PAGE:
You're not supposed to resolve a story by pulling the resolution out of your hat. "Deus ex machina," or "god out of the machine," referred originally to the bad-Greek-playwright habit of making a mess of the plot, then resolving it by flying a god out of the wings to fix everything. (They didn't invent the arch, but they did figure out how to rig an actor onto a crane.)
In my new screenplay I am exactly ending a story line by sheer coincidence. A character longs for the perfect couch, which he has a picture of. At the end of the movie, he's going to realize that it's been there, all along, covered up in fabric, at the office where he works.
Here's how I plan to get away with it: by telling the audience in advance that I'm going to do it. Characters are going to remark how uncomfortable the couch in the office is. We're going to see the outline of the couch under the fabric. The audience is going to think: ohhhh, I see. That's the couch he longs for!
By drawing attention to the thing, the thing becomes an expectation. And an expectation won't feel like a coincidence.
This morning, there was an accident at the bottom of my street. It was an accident we'd been expecting for a long time -- trucks park too close to the intersection, making it a blind intersection, and there's no stop sign. We knew someone was going to get blindsided sooner or later down there.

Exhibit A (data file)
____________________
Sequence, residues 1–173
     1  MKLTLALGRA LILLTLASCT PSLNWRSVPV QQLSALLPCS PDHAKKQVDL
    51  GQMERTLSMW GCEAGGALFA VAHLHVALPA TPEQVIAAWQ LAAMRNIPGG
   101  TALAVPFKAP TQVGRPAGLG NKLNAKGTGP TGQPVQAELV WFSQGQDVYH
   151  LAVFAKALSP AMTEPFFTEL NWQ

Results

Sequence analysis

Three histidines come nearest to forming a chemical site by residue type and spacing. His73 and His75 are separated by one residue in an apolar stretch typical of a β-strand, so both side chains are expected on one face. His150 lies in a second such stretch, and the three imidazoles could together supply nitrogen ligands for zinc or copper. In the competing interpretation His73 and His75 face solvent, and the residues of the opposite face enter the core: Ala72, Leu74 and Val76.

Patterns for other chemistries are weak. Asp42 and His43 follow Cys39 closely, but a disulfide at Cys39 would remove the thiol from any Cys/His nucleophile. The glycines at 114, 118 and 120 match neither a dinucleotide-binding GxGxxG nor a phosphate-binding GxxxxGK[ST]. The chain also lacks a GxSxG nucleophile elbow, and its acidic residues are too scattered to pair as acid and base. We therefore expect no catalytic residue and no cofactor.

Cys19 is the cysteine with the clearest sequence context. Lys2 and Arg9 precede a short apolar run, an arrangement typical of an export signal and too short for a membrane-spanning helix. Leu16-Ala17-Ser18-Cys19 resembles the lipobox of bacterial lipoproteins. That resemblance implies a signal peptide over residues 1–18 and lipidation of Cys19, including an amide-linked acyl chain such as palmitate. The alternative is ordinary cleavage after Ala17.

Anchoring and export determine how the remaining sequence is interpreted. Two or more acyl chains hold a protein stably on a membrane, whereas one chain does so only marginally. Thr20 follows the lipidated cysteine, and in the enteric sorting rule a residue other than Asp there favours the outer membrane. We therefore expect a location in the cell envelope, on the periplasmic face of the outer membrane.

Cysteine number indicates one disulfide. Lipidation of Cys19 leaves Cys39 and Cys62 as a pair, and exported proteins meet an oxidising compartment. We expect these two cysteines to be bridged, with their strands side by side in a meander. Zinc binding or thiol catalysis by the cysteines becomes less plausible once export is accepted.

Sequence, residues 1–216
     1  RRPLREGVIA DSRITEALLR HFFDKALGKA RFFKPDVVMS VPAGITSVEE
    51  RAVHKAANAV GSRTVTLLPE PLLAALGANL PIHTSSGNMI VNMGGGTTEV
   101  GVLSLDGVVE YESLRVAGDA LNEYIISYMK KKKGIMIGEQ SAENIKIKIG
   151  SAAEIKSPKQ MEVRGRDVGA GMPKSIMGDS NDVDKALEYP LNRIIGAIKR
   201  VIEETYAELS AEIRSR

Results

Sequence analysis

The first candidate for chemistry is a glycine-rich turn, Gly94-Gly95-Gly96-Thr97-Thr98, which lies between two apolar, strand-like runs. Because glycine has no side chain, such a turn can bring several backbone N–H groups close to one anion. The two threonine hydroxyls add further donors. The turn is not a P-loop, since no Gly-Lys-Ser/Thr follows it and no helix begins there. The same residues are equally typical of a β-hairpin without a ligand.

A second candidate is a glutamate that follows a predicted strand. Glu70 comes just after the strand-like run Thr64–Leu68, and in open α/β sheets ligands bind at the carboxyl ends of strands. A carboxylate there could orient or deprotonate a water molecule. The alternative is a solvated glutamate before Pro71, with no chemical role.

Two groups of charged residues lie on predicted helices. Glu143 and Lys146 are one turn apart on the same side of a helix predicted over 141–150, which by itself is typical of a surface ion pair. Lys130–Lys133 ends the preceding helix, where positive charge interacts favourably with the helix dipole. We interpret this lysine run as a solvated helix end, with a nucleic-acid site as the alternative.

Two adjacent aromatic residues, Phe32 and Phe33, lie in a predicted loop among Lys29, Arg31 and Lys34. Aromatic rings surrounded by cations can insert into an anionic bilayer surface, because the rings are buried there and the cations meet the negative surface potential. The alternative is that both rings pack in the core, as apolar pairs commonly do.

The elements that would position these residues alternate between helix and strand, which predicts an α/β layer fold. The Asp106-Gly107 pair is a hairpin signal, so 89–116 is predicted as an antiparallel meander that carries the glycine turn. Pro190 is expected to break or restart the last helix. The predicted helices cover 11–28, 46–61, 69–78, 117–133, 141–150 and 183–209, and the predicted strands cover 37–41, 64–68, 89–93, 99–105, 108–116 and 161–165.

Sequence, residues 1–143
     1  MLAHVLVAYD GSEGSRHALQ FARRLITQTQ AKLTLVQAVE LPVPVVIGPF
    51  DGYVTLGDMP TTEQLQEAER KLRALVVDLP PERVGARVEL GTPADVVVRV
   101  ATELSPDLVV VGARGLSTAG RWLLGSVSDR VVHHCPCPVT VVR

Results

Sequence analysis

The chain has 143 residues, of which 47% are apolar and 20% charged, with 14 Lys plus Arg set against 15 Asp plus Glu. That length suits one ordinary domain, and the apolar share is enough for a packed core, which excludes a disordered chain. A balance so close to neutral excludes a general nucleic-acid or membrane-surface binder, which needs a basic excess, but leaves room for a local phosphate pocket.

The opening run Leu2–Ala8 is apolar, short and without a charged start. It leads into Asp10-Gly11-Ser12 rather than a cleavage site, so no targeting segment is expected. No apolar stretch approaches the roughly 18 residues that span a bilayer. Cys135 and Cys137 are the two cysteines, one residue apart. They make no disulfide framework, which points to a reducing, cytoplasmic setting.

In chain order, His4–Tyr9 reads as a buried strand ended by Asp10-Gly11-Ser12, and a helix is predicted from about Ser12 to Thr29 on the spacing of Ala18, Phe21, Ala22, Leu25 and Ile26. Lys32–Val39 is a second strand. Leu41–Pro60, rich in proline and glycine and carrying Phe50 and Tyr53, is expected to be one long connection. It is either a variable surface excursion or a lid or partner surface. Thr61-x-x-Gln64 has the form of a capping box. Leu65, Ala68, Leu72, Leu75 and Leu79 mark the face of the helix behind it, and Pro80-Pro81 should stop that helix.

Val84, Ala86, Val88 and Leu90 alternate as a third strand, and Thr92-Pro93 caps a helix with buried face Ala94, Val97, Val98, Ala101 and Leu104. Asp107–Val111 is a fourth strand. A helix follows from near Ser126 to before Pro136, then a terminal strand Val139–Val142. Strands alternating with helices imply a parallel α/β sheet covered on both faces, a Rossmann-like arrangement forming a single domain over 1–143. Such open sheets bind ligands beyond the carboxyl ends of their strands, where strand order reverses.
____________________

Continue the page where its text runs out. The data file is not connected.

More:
Coincidence in a screenplay is not automatically a bad thing. Many premises are essentially coincidences that set the plot in motion -- Harry and Sally sharing a ride from Chicago to New York. Later on in the screenplay, a coincidence can still work, provided we get to see the coincidence building up. If we're rooting for it to happen or not happen, we won't feel that it comes out of nowhere.
I have a question for you: A screenwriter whose blog I read is apparently writing a screenplay about a guy and his couch that sounds alot like a public radio story I heard. Should I warn him of this? How do you think he will take it? Is there any advice I can give him about making his story different?
This sounds like the 200th episode of Stargate SG-1.
There is a screenwriter writing a movie of the events, and meeting with the Stargate staff. He's throwing plots and ideas out there, and finally Richard Anderson says, "Isn't that an awfully big coincidence?"
Screenwriter replies, "No problem! I'll just hang a lantern on it. I'll have another character say, "That's quite a coincidence". Problem solved.
It was very, very funny.
Couldn't you have him steal the couch, then discover it is his perfect couch? Or maybe take a picture of it, because he lost the original picture of his perfect couch, and in the midst of Photoshopping it realize he's found it? Less coincidence involved...
I like your new couch idea. While the previous idea of finding it on the street had the beauty of being a quintessential Montreal moment (a friend used to have a royal blue plush couch that she found on the street; another friend has a dryer that still has "Tres bon etat - a donner" written across the top of it in magic marker), the message (sit on your ass long enough and what you want will fall into your lap) didn't fit the story nearly as well as the new one (what you've been looking for has been right under your nose all along). Which is the kind of coincidence I have no problem with in a movie. If I wanted realism I would stick with reality.
Back to Complications Ensue main blog page.